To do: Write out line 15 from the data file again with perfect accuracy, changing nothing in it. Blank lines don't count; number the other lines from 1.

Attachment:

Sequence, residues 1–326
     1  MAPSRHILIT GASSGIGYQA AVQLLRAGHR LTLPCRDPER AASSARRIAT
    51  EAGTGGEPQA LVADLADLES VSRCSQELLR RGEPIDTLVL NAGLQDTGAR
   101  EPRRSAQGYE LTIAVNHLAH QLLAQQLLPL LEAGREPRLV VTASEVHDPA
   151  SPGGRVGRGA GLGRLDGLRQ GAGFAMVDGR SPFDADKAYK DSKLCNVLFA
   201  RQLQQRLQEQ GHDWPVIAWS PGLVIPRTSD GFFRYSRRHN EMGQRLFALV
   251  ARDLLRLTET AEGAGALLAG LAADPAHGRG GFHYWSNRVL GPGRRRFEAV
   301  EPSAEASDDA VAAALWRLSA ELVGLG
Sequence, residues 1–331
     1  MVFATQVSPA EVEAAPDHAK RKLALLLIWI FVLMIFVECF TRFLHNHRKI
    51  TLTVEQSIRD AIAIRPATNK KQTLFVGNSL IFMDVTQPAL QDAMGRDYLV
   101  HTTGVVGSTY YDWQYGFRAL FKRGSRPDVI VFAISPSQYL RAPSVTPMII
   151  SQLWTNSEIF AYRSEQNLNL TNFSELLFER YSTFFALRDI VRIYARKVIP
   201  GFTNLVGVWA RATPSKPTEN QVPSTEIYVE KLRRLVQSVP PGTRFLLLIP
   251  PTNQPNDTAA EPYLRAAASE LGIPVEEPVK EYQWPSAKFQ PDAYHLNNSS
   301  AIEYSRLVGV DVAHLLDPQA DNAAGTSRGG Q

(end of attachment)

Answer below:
   251  PTNQPNDTAA EPYLRAAASE LGIPVEEPVK EYQWPSAKFQ PDAYHLNNSS